It's official. Apple (AAPL -1.60%) is finally offering its long-anticipated budget-minded iPhone. The newest iPhone SE, unveiled on Wednesday, starts at a price of $399, which pits it directly against similarly priced (and extremely popular) Galaxy smartphones from Samsung (OTC: SSNLF). And even the most expensive new iPhone SE is still relatively affordable, retailing for $549.

It's a double-edged sword for Apple, of course. While the latest iteration of the iPhone is essentially an iPhone 8 using some proven and available components from the latest iPhone 11, they're still not cheap to make. Estimates of the production cost of the iPhone 8 were just a little below $300 according to IHS Markit, while TechInsights reckons the iPhone 11 requires about $500 worth of components. Shipping, overhead, and other expenses add to the total cost of getting one of the devices into a consumer's hands. Certainly, some of those technology costs have been whittled down in the meantime, but not dramatically so.

Smartphone with app icons flying out of it.

Image source: Getty Images.

Profits on hardware may be a shrinking priority for Apple, however. The company is going all-in on apps and the revenue they drive, and with smartphone saturation turning into a headwind, Apple is now taking aim at Alphabet's (GOOG -1.57%) (GOOGL -1.58%) ecosystem. That crowd isn't quite as valuable to Apple as Apple's existing die-hard iPhone fan base, but there sure are a lot more of them.

It's all about the back end

Apple has gotten very, very good at extracting ongoing revenue from iPhone owners. Sensor Tower reported late last month that the average iPhone owner spent around $100 on and through apps in 2019, more than doubling 2016's figure of $47.

Apple has to split that revenue up with app developers and the companies behind app-based subscriptions, like Netflix. With 1.5 billion actively used iOS devices out there though -- the bulk of them being iPhones -- the nickels and dimes start to add up.

There are limits, however. Most anyone in the world who wants and can use a smartphone likely has one. If Apple wants to continue growing its business, it's going to have to take some away from rival phone maker Samsung and rival mobile operating system platform Android, owned by Alphabet's Google.

A lower-priced device works toward both goals.

Quantity over quality

They aren't the most lucrative of customers, for the record. While Google suggested there were 2.5 billion Android devices in use around the middle of last year, the overwhelming lead in terms of its raw number of users didn't help Google drive more app revenue. Sensor Tower's report noted that global spending on and through iOS apps last year reached $54.2 billion, versus only $29.3 billion spent at Google Play despite a far greater number of Android devices currently in consumers' hands. Google was even able to induce nearly three times as many actual app downloads as Apple's App store last year.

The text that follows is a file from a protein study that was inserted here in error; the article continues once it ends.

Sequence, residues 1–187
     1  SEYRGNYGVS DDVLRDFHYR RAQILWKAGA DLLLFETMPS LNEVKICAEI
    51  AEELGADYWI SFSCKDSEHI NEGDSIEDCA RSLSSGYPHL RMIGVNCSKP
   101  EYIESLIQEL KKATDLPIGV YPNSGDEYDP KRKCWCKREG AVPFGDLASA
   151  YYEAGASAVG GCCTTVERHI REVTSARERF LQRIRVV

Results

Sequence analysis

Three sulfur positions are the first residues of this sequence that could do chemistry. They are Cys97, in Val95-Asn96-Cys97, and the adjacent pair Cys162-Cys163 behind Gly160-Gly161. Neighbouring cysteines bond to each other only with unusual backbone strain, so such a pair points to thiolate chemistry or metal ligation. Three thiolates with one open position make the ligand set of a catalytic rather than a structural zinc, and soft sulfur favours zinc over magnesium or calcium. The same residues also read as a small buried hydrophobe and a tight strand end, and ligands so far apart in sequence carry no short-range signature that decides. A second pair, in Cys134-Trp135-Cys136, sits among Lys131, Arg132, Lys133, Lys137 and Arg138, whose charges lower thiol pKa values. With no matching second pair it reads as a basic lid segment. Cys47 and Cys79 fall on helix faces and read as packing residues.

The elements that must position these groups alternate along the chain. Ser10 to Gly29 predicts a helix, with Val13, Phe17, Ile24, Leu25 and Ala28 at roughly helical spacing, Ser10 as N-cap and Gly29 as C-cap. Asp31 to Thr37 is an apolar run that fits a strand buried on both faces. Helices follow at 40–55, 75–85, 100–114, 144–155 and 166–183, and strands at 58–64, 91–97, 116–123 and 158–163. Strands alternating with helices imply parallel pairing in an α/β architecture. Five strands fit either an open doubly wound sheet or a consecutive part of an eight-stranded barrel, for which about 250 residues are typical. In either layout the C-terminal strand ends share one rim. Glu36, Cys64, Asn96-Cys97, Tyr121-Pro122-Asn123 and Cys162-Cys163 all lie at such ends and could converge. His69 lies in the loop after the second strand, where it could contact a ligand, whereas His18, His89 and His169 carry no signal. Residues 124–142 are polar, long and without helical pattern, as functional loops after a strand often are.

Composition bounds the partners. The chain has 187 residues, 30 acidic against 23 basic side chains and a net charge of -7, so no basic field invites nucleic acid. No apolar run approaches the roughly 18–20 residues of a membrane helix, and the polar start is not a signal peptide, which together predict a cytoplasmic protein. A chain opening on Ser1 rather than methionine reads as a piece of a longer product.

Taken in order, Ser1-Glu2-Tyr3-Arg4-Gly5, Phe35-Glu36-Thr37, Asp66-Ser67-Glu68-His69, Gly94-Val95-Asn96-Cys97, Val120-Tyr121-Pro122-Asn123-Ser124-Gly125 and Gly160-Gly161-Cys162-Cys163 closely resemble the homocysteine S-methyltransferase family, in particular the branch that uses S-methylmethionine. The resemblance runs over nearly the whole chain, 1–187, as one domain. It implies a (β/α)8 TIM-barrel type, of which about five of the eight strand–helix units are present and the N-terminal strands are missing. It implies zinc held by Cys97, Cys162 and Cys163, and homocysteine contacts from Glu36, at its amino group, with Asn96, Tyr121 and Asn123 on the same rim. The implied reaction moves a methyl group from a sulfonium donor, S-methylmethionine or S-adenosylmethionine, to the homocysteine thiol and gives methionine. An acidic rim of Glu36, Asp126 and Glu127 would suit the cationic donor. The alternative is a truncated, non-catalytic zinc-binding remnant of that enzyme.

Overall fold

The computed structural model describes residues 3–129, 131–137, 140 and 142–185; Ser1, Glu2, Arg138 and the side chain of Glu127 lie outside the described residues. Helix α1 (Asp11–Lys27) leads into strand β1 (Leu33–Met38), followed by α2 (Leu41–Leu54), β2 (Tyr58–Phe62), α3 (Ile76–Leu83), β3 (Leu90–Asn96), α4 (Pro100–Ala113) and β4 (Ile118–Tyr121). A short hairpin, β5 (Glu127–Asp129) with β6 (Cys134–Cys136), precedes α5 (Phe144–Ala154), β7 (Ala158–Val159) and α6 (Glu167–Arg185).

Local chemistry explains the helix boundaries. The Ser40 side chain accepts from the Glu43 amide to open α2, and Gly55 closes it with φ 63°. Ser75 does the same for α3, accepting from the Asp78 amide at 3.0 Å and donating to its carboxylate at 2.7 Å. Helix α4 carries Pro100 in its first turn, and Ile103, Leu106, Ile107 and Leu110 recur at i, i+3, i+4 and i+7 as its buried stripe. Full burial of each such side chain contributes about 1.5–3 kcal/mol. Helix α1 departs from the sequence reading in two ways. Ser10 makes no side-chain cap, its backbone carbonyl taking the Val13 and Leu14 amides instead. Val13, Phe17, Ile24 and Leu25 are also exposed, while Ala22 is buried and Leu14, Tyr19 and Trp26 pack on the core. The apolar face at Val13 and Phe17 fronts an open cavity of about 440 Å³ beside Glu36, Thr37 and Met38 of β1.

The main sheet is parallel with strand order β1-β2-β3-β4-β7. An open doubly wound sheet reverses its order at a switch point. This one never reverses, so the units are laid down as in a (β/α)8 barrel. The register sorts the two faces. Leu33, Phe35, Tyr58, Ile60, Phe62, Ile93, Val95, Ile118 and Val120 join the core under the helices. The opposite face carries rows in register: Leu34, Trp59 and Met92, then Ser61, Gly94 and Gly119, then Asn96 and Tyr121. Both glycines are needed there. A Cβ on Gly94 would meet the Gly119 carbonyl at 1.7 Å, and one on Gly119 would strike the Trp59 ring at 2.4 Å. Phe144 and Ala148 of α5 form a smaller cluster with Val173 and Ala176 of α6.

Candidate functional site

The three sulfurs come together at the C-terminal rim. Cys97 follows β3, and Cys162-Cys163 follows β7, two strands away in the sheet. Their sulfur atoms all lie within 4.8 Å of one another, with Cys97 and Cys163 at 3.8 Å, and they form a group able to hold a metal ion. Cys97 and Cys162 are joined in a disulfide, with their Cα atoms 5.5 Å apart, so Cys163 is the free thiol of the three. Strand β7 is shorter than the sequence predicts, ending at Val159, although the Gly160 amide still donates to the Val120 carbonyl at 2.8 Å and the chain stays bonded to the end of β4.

It didn't matter. Android's value-minded fans just aren't spending as much as iOS users are.

If any outfit can change that dynamic, though, it's arguably Apple. Again, Apple doubled per-user app spending between 2016 and 2019, and the $100 worth of spending spurred last year is exactly $100 more than was being spent when Apple debuted the iPhone in 2007 (before the word "app" had even entered the average consumer's lexicon).

It's still unlikely Apple will be able to convince these newcomers to its ecosystem to loosen their purse strings by $100 per year. The consumers are, by definition, specifically looking to save a few bucks. But if the company can draw out just $50 per year from these new iOS users, it's another $50 per head from an addressable market consisting of around 1 billion people.

The measuring tape

The debut of the new iPhone SE will obviously affect Apple's hardware sales, but only once. The number to watch is that of the company's service division, which racked up $12.7 billion in revenue during the quarter that ended in December. Apple has already achieved the goal of $50 billion in annual service sales that it first mentioned in 2017, when its app and digital content business was still something of an afterthought.

It's considerably less than the $79 billion worth of hardware the company sold during the final quarter of calendar 2019, but it's still a respectable business. There's so much more potential ahead, however, for this Apple arm. Fellow Fool Adam Levy pointed out in January that Wedbush was expecting Apple's services revenue to hit $60 billion next year, and Evercore ISI believes Apple's services could be driving $100 billion in annual revenue by 2024.

Given the impending availability of a much more affordable iPhone that doesn't skimp on performance, those outlooks are anything but out of line.